Steve Jobs: The “i”Genius
On October 6, 2011 Steve Jobs, inventor of the iMac/iPod/iPad/iPhone, died. And I, like millions of others, felt that something in me extinguished. I was deeply saddened when I heard that this charismatic and inspiring risk-taker was dead at 56!
It is because of individuals like him who jolt us and shake us and wake us up from our slumbering life that we learn how much we, as single individuals, are capable of doing, how much potential each of us has.
Yes, I am aware that, like any one of us, his life was contradiction of demonic and angelic traits. I read that he was petulant, abrasive, brittle, selfish, counter-culture, a control freak, nasty and ruthless. But his negative attributes morphed into positives. Let’s not focus on what was unpleasant about him but on his creative genius.
Jobs’ magic affected me with my first iMac. I had not paid much attention to this tech titan until my husband and daughters one by one gifted me with all Apple gadgets. With the iphone, seven different devices in one, and I, a technically challenged woman, felt pretty good about that.
It was as if Jobs knew viscerally what I needed. The Apple devices took away my fear of using thingamajigs. Each one of them is so user-friendly that the gizmos made by the competition appears pale in comparison. With hundreds of songs loaded in my iPod, more books than I can carry in my iPad, and an all-in-one timer and recorder in my iPhone that I use in my seminars, solitary drives and walks in the woods, they give me pleasure and a sense of security. My world is more efficient and I feel tech-savvy and smarter than I am.
Jobs created a company that respected creativity and the artistic mentality. One of the Apple ads titled, “Think Different,” cheers the “misfits, the crazy ones, the rebels, the troublemakers, the round pegs in the square holes” who see things differently. “They do not follow rules and do not like the status quo. We disagree with them, vilify them or glorify them but we cannot ignore them.” By being outrageous Jobs did not just put a dent in our reality; he bent it. We may consider him idiosyncratic or crazy to have such a high opinion of himself but he did change our world. And he changed it for the better.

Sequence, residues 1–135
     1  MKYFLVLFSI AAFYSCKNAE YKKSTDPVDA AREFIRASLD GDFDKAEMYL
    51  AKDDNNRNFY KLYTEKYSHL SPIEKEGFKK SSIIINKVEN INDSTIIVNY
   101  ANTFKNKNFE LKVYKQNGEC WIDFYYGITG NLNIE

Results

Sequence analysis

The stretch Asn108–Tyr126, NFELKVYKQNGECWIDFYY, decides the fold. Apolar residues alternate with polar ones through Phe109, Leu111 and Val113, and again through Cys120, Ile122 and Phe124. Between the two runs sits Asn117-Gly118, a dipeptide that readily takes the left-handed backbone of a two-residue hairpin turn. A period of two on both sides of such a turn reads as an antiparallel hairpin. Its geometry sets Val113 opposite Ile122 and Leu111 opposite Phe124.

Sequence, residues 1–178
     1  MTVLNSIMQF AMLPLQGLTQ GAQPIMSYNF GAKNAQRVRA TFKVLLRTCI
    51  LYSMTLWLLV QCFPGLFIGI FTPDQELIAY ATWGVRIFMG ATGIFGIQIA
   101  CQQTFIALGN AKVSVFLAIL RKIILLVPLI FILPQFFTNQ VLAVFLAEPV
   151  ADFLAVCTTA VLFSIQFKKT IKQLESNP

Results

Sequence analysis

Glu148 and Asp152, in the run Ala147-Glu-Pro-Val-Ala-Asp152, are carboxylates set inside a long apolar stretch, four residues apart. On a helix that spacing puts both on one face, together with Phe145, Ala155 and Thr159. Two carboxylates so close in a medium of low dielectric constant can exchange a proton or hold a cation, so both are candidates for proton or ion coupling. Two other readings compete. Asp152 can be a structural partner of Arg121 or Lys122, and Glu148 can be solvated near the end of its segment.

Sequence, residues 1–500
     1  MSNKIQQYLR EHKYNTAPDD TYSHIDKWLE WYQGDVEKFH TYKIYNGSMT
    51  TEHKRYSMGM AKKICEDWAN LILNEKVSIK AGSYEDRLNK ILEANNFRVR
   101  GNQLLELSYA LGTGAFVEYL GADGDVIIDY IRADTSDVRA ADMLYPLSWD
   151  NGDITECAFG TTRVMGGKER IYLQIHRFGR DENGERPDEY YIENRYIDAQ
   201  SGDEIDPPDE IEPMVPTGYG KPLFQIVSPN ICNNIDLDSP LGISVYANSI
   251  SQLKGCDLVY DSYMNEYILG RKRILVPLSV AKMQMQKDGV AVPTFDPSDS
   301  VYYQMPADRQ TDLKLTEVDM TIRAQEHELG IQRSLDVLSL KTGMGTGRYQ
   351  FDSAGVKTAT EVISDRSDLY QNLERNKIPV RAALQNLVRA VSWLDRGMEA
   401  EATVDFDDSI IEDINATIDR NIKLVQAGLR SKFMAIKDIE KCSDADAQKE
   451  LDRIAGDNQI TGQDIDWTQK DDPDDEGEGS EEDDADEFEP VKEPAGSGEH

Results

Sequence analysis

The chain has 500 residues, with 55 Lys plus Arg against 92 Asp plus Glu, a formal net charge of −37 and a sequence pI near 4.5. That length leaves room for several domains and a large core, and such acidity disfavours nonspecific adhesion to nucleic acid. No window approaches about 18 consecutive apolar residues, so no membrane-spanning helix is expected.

Curious about the world, Jobs was crazy about the details and trusted his intuition with passion. He said, “… It is impossible to connect the dots looking forward but years later when you look backwards it is very, very clear. You have to trust that the dots will somehow connect in your future.” He followed his intuition wherever it took him. He believed this approach had never let him down, that had made all the difference in his life.
He did not pay attention to money when he did not have a penny and did not pay attention to it when he had millions of dollars. He did not let possession, power and position disrupt his life. He said money turns “simple ordinary people into bizarro people.”
In 1984 he was kicked out of his own company. Abandoned at birth, rejected by his coworkers, and forewarned of his own early death suffered a “hole in his heart.” But it also made him authentic to the core with his work and with his family.
Abandonment, rejection and knowledge of his early death did not devastate him. Each time he started his life it was with a fresh mind, with a clean slate. There must have been lightness in his beginner’s heart-mind. Whether it was Apple, NeXT, Pixar or back with Apple, he began each new venture with a Zen mind and he loved it. He said, “The only way to do great work is to love what you do. If you haven’t found it yet, keep looking. Don’t settle…. you’ll know when you find it…. So keep looking.”
His disease helped him understand his own mortality. “Death is our common destination”, he said once, “You are born alone, and you die alone. What do you have to lose?” Follow your heart!
He utilized his approaching death as a tool to help him make the big choices in his life. He said, when he discovered, he had cancer, all external expectations-pride, fear, shame, failure-just fell away. He felt unmasked and ungarbed. Naked! Only the truly important was left which he dealt with whole-heartedly.
Jobs successfully embodied two fundamental Buddhist values for the twenty-first century: wisdom and compassion. His wisdom was to create electronic gadgets for common people and his compassion to make their lives convenient, efficient and fun. As his mission was straightforward his final products shine with Zen-like simplicity. Jobs’ brilliant marketing mind and poetic sensibility-mercurial, compelling, intensely emotional–was driven by the power of perfection and simplicity.
Steve Jobs gave millions my mac, my pod, my pad, my phone and shrewdly labeled them i, i, i. I often wondered why he used “i” as a prefix for all of his inventions. Although I am aware that “i” is the first letter in the word Internet, yet to me, it means something more than a letter. It means something more than “mine,” something deeper, higher. It refers to that soundless voice in all of us, our Self, our “i” that always leads us only if we care to listen. At least that’s what I would like to think.
Did Jobs realize that what his American hero, Walt did to create Disney, he did to create “i” gadgets for his admirers? He filled the hole in our hearts with an eternal “i”? Through his i-ness he will remain in the hearts and minds of all those who are or want to be mindful of their “i.” What a genius! No, something “more than” a genius. Steve Jobs was an iGenius!